Solsbury Hill is not a direct retelling. It is a shadow of the original book, which is utilized to underscore this book’s plot. There are elements that are very similar to the original, but overall the differences serve to divide one of the other. Much of the book surrounds an investigation of Emily Bronte’s infamous book. This technique makes this novel seem more self-aware than it should be.
Wyler paints a beautiful portrait of the moors, of a visiting ghost, of a woman falling into herself while simultaneously falling in love with her own Heathcliff. She paints a book of subtle heartbreak and growth and finding one’s place in the world. The biggest thing that Eleanor is searching for can be found anywhere, but she has to let herself understand what’s she’s looking for in order to become worthy of it – a true home; a hearth to warm herself by, and a heart by which to guide her life.
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Wild is an upcoming novel by Alex Mallory, a pen name for Saundra Mitchell. The book is a retelling of the classic Tarzan of the Apes by Edgar Rice Burroughs. Retellings can be done very well or fail miserably. A good author pays attention to the original themes of the source book and treats the material with respect. Alex Mallory has done just that with Wild. This is a brilliant retelling.
Cade has lived in the forest for most of his life. When he was thirteen he buried his Father, and his mother a few years before. His parents instilled in him the skills to survive off the land. They also taught him to fear the outside world. Cade believes that he is one of the last humans alive and he has little to contradict that thought until the outside world shows up on his doorstep.
Dara and Josh are spending their spring break in the Daniel Boone National Forest in Kentucky. They lied to their parents, deciding to camp outdoors rather than travel to Orlando with their friends. Ideally, the trip was supposed to be relaxing and romantic. However, inept camping skills on Josh’s part leads to a few critter invasions and tempers become frayed with little food. Dara is content to take photos until she senses another presence in the woods; a feeling that she never shakes. When a disaster forces Cade to return to the world his parents fled the book becomes one of the best fish-out-of-water stories that I have read in a long time.
Mallory nailed the themes from Tarzan. What she has done to modernize it in a contemporary setting is fantastic. Tarzan’s curiosity has always been his downfall. His obsession with outsiders when they enter his midst is a turning point. Throwing in electronic devices and shopping malls and instant food and convenience… all of these things work in a way that makes the classic tale come alive. The base elements are there and the characters match the pace.
Cade is the perfect reinvention of Tarzan, quick to temper and all. His intense loyalty, his direct and truthful personality, all of it rings true. There’s not an ounce of guile in his entire body. He is precisely who he needs to be. Dara is a great counterpart to him as well as a fresh take on Jane Porter. Jane was always a damsel in distress whereas Dara holds her own in any (and all) argument(s). Some of the best moments from the book come from Dara. She has more spunk than the original heroine but I’m not mad about it. Jane needed the revamp to appeal to today’s woman and Dara hits the note perfectly.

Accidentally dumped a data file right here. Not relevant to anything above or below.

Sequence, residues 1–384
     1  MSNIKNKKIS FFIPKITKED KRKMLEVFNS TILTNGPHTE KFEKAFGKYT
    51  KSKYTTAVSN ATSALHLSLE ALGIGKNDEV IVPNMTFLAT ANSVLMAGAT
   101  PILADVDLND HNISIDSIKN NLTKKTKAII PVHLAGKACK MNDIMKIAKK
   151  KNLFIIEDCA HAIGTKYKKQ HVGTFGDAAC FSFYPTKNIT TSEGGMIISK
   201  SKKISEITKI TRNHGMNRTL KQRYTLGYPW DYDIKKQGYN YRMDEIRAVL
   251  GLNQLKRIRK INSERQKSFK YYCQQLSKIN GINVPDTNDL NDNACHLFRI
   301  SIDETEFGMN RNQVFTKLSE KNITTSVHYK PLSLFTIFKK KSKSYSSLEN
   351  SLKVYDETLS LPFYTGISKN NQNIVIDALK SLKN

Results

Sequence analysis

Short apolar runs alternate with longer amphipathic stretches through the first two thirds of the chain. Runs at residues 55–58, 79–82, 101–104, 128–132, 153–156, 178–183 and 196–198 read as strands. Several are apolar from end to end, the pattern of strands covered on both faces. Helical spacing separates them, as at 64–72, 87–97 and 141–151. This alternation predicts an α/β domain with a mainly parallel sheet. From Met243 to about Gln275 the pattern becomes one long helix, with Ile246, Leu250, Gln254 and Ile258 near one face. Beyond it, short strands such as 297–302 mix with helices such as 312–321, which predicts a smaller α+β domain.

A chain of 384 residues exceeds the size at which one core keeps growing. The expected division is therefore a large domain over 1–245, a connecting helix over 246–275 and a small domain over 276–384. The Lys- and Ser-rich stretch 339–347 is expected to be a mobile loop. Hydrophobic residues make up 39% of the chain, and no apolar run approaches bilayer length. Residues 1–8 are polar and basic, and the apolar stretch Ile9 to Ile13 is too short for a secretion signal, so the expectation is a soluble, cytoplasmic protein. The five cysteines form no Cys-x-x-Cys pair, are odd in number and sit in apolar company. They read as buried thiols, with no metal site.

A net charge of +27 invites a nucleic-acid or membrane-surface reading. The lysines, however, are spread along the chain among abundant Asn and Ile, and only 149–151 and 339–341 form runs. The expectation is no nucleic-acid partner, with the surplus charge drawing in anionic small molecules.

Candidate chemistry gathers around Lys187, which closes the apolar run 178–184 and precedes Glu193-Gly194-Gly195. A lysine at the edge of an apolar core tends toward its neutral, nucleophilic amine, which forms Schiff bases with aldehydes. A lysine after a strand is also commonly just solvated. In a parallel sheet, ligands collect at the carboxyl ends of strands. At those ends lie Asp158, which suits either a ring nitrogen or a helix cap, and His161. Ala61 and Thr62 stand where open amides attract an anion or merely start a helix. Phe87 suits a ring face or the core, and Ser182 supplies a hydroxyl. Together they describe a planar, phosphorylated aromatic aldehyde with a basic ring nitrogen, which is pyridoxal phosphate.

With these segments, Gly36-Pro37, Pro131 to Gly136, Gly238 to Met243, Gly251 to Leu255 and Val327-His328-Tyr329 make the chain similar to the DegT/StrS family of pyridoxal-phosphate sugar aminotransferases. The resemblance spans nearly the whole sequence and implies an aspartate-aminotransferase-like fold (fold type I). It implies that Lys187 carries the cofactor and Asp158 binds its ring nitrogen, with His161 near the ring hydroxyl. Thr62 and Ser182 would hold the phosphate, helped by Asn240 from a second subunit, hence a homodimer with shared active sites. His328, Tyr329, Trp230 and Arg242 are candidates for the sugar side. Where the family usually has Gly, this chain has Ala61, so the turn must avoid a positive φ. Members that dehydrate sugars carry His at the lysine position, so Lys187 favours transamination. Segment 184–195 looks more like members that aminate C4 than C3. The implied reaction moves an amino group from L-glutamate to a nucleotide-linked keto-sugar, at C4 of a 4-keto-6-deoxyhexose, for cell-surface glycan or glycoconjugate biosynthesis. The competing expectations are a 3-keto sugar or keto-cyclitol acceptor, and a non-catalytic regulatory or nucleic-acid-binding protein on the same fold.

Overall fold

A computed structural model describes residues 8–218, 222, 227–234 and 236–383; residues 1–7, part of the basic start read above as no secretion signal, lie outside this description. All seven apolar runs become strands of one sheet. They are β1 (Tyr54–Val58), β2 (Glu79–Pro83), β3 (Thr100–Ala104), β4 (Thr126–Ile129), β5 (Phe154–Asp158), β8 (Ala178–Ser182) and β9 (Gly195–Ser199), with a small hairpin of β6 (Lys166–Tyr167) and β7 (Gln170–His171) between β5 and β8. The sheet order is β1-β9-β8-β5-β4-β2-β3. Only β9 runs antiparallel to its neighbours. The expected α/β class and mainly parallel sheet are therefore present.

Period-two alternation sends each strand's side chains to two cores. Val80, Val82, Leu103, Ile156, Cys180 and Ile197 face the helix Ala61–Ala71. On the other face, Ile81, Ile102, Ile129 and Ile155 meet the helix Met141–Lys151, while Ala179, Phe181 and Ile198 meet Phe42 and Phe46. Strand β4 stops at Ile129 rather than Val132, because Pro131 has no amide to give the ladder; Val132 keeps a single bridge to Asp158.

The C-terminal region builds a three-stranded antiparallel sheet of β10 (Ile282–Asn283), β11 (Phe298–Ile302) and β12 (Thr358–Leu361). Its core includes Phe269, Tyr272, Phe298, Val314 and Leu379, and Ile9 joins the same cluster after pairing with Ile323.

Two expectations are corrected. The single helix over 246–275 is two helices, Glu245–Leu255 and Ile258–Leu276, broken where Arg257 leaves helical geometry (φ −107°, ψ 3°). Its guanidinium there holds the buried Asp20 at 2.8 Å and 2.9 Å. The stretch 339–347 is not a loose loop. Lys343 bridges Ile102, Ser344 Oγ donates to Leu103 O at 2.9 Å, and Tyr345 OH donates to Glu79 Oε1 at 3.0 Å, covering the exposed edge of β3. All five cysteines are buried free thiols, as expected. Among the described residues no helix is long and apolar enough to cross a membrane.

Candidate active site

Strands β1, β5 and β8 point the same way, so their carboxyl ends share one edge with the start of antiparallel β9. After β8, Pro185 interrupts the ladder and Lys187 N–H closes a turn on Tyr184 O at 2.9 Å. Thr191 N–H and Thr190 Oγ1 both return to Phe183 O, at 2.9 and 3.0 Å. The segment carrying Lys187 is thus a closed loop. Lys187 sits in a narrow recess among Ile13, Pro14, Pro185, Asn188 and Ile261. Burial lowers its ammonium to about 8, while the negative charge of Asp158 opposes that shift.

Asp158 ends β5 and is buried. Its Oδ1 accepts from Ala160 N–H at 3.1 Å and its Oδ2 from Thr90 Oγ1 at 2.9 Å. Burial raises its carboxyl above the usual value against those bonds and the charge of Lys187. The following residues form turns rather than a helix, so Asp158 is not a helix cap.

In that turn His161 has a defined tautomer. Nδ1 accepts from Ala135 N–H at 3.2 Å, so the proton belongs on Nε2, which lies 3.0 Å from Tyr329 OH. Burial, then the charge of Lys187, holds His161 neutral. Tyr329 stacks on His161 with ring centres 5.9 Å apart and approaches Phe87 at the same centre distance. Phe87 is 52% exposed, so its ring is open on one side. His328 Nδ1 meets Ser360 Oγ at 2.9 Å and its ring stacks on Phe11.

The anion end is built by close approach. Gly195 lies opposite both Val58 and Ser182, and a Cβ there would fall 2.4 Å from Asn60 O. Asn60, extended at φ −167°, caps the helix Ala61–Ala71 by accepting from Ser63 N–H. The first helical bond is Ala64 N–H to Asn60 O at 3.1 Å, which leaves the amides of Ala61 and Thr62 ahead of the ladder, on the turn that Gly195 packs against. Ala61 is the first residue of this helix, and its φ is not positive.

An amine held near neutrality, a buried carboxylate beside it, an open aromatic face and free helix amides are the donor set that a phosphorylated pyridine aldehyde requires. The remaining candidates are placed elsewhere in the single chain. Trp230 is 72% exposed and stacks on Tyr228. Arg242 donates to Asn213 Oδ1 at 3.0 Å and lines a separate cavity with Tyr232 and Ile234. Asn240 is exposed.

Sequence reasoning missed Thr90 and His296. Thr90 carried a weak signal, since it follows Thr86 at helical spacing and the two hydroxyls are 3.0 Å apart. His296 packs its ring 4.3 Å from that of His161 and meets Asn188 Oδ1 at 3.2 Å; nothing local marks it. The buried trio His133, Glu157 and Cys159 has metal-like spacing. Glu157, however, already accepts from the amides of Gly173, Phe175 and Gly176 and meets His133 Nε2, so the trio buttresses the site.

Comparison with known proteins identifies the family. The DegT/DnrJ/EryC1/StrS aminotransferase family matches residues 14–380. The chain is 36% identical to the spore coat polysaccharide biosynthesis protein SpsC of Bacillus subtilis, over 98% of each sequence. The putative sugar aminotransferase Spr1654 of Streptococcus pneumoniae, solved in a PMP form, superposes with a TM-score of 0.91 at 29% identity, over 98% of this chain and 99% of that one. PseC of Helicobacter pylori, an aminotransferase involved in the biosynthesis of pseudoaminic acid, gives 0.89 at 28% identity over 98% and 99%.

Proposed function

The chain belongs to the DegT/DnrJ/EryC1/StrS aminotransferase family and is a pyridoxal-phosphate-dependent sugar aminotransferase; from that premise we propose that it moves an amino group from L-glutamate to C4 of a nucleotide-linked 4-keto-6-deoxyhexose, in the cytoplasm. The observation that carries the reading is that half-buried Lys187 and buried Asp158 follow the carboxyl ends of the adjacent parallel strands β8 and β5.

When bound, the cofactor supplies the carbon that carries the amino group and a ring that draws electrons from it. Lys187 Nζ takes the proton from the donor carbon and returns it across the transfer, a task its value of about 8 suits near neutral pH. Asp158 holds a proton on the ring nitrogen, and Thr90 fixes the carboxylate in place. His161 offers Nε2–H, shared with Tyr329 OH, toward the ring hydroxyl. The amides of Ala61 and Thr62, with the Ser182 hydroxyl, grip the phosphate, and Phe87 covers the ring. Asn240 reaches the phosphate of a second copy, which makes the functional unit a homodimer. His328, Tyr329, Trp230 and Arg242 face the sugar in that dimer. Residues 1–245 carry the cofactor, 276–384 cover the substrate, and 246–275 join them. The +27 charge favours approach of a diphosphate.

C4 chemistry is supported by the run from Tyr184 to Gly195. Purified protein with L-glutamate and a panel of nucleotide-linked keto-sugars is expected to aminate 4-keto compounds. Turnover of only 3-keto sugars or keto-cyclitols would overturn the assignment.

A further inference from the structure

There are a few minor plot details that I am sketchy about but they’re minor quibbles. Overall the book is superb and I am really happy that Mallory chose to write it. It’s really, bloody good.
Guy In Real Life is a contemporary standalone novel by Steve Brezenoff. It chronicles a few weeks in the lives of two Minnesotan teens, Lesh and Svetl...more Guy In Real Life is a contemporary standalone novel by Steve Brezenoff. It chronicles a few weeks in the lives of two Minnesotan teens, Lesh and Svetlana, a sophomore and a senior respectively. The book straddles several complicated thematic issues very well. I was most impressed by this.
However, I have a caveat before I get any further into this review - I had a few stutter stops reading this book. Frankly, I thought that I would have to put it aside. There is a large amount of homophobic, pejorative comments in the book from several of the side characters, all of them Lesh's closest friends. It made me initially suspect of him. I don't normally finish a book with this amount of hate speech. I find it to be crude, insensitive, and personally very offensive. My usual approach to this level of language is to put down the book out of sheer protest. But I decided to give the book a chance to explain itself. I realized (and hoped) that Brezenoff must be going somewhere with the sheer volume of hate speech he was writing. Eventually, the bigotry forms a message that is solid, poignant, and underscores many of the themes superbly. What Brezenoff says he says very well. I am glad that I finished the book.
To that end, the review.
One night just before school begins, Lesh and Greg go to a metal show at a bar. Lesh has a few drinks too many and ventures home wasted when a girl crashes into him on her bike. The girl is Svetlana; a gorgeous, ethereal, and sweetly swearing girl who rides off immediately. Lesh manages to get to safety and sleeps it off only to have his parents promptly ground him the next day.
Now, stuck in his room for weeks, Greg, Lesh's closest friend, convinces him to download a MMORPG and create a character to fill the time. Lesh turns his nose up at this until the first few days of school when a scheduling nightmare separates him from his friends. Now alone, Svetlana sits with him in the cafeteria to avoid an old acquaintance. This action breaks some unspoken social barrier between the Metal-heads and Svetlana's geekier group of friends. Svetlana is intellectual and dedicated, her parents obviously well off. Lesh's parents struggle to make ends meet and he feels inferior around her until she shares her secrets with him - She spends time in a school gaming club. She enjoys drawing fantasy creatures and creating scenarios as a dungeon master.